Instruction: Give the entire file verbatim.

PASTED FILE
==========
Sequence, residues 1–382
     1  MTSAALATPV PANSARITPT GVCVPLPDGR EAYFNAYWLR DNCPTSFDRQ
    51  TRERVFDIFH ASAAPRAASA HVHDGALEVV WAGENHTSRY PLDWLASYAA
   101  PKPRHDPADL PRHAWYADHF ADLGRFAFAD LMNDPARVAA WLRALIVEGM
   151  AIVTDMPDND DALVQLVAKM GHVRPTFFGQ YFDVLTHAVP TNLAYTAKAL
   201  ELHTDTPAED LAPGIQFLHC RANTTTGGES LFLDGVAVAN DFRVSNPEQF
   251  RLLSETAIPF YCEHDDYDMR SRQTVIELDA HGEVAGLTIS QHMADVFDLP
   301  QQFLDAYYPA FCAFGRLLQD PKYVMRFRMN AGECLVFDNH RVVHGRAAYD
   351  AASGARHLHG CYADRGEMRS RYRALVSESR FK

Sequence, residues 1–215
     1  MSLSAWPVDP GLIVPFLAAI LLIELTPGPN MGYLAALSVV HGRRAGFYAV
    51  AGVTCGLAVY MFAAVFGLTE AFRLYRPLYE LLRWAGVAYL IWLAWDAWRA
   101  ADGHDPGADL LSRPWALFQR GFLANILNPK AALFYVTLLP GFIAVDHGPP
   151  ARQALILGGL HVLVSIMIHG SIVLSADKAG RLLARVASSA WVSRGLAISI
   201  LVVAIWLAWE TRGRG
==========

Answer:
Sequence, residues 1–382
     1  MTSAALATPV PANSARITPT GVCVPLPDGR EAYFNAYWLR DNCPTSFDRQ
    51  TRERVFDIFH ASAAPRAASA HVHDGALEVV WAGENHTSRY PLDWLASYAA
   101  PKPRHDPADL PRHAWYADHF ADLGRFAFAD LMNDPARVAA WLRALIVEGM
   151  AIVTDMPDND DALVQLVAKM GHVRPTFFGQ YFDVLTHAVP TNLAYTAKAL
   201  ELHTDTPAED LAPGIQFLHC RANTTTGGES LFLDGVAVAN DFRVSNPEQF
   251  RLLSETAIPF YCEHDDYDMR SRQTVIELDA HGEVAGLTIS QHMADVFDLP
   301  QQFLDAYYPA FCAFGRLLQD PKYVMRFRMN AGECLVFDNH RVVHGRAAYD
   351  AASGARHLHG CYADRGEMRS RYRALVSESR FK

Sequence, residues 1–215
     1  MSLSAWPVDP GLIVPFLAAI LLIELTPGPN MGYLAALSVV HGRRAGFYAV
    51  AGVTCGLAVY MFAAVFGLTE AFRLYRPLYE LLRWAGVAYL IWLAWDAWRA
   101  ADGHDPGADL LSRPWALFQR GFLANILNPK AALFYVTLLP GFIAVDHGPP
   151  ARQALILGGL HVLVSIMIHG SIVLSADKAG RLLARVASSA WVSRGLAISI
   201  LVVAIWLAWE TRGRG